2015 IW Winners

Thunder Bay | Essay Scholarship

Julia Stolz

Julia Stolz

Women have to work harder than their male counterparts to reach the same level of success, said Julia Stolz, the winner of the 2015 Influential Women essay scholarship competition.

In her essay on the importance of women’s leadership in today’s society, Stolz, who is a Grade 12 student at Thunder Bay’s St. Patrick’s High School, shared the experience of a role model who inspired her as a member of the Royal Canadian Sea Cadets in Thunder Bay.

The female officer she wrote about was one of the first girls to join the cadets.

“At that time, women joining the cadets was a major challenge,” Stolz wrote.

“This particular officer, who went through this transitional time of sexual inequality, said it influenced her to become a strong leader, and now, both men and women at the Royal Canadian Sea Cadets respect her.”

Stolz also described her own experience with the cadets, and how her success pushed the male cadets to exceed their own comfort zones.

In one example, Stolz wrote about a beep test – a progressive physical endurance test – in which all the other girls dropped out at the second level, but she continued to level seven.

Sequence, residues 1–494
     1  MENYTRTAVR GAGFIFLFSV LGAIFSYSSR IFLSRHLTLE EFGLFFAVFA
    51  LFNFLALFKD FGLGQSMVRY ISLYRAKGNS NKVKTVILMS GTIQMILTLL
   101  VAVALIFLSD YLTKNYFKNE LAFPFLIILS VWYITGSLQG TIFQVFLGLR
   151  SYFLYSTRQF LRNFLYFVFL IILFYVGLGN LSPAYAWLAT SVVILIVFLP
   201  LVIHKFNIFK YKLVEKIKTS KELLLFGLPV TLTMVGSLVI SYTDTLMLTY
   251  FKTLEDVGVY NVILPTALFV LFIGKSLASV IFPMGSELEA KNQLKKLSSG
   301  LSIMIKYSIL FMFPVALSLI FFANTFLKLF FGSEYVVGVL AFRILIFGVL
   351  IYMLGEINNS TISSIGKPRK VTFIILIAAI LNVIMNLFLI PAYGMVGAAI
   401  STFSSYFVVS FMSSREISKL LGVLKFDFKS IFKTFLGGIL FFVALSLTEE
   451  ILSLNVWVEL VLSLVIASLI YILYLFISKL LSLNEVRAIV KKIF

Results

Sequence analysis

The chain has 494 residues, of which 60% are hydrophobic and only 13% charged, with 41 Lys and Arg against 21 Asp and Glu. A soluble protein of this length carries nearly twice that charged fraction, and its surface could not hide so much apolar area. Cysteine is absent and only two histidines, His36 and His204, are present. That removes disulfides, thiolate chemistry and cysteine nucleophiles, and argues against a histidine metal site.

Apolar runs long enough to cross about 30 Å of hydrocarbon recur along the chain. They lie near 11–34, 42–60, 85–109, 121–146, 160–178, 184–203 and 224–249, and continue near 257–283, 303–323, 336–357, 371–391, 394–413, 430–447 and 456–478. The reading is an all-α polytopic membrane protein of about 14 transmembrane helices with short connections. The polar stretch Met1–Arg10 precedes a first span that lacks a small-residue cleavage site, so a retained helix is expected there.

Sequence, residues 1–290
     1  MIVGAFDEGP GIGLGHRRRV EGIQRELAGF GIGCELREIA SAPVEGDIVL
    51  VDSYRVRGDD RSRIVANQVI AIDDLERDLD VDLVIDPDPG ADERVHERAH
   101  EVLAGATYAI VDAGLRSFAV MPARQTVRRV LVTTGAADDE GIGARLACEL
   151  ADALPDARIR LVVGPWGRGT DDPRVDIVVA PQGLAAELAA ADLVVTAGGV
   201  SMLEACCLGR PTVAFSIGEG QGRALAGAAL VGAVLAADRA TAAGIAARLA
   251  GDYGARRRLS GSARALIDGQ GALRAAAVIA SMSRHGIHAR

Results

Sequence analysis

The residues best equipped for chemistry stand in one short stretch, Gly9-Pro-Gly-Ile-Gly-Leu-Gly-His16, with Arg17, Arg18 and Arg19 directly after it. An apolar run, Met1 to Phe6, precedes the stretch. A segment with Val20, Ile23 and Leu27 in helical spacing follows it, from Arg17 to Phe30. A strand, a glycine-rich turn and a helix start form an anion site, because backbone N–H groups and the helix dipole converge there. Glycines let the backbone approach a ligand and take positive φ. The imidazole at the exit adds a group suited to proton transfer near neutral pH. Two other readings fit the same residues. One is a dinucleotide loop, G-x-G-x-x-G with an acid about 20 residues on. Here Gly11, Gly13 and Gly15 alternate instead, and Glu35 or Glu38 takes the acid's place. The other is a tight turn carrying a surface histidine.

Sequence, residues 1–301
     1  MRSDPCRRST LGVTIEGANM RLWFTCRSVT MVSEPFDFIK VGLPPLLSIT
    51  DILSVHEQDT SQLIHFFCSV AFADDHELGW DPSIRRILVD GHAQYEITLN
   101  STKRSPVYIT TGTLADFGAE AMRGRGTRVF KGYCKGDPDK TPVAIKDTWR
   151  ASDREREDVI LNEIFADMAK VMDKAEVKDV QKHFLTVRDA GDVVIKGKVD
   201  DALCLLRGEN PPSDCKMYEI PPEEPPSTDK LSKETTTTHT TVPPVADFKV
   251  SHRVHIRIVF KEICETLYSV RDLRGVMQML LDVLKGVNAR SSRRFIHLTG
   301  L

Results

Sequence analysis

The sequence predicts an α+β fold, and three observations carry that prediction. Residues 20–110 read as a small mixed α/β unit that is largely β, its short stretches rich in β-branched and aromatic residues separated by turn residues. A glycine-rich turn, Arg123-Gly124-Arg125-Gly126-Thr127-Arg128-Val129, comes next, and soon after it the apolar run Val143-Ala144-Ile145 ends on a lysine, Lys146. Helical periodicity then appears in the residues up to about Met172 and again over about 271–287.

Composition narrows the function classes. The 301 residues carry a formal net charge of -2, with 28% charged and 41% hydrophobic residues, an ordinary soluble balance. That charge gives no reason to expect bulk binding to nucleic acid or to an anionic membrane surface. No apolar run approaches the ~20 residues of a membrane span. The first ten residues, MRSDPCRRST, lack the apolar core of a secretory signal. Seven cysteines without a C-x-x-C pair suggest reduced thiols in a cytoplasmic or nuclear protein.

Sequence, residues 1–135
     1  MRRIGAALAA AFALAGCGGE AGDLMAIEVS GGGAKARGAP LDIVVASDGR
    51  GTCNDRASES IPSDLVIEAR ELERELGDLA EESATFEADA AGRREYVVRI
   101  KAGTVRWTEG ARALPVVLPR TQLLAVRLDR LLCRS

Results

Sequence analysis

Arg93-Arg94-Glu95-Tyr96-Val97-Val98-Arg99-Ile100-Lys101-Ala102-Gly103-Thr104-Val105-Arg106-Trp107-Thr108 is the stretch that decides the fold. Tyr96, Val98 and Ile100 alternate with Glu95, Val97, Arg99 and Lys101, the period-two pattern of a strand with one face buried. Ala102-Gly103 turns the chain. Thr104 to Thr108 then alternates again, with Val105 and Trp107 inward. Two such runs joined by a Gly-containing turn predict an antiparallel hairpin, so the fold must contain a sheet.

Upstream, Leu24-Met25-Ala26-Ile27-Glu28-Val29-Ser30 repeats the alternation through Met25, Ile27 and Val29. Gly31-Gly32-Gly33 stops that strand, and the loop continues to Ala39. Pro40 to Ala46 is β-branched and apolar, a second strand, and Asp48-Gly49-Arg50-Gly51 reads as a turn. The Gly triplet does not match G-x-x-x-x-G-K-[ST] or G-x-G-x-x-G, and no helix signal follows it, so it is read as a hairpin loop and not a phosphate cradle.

Most of the boys in the group stuck with Stolz to level seven, but dropped out after she called it quits. Only one male continued on to level 10.

“I learned three things from this beep test,” Stolz wrote in her essay. “Many of the females who probably could achieve higher levels chose not to because they were not leaders and seemed not to care. The male cadets seemed to care more about competing with a woman than being leaders, because they too dropped out when I did. Finally, it proved that myself and the cadet that went to level 10 were actual leaders because we chose to break away from the crowd and achieve our personal best.”

In an interview, Stolz said she pushed herself harder to keep up with the boys.

Stolz also highlighted some of the inequalities that continue to affect women in the workplace.

She said “B-flight,” when companies don’t hire young women out of fear they’ll have children or get married, remains a common problem.

“This may be illegal, but it is a real impediment to a young woman’s career,” she wrote. “To make things worse, a traditional wife or mother role is often embedded into he subconscious of women who feel obligated to take a leadership role at home instead of in the workforce.”

As for her winning essay, Stolz said she was shocked when she found out she would be receiving a $2,000 scholarship.

She said she plans to take the social work program at Thunder Bay’s Lakehead University after graduating from high school.

“I want to help people,” she said. The scholarship should help her along with that goal. IW

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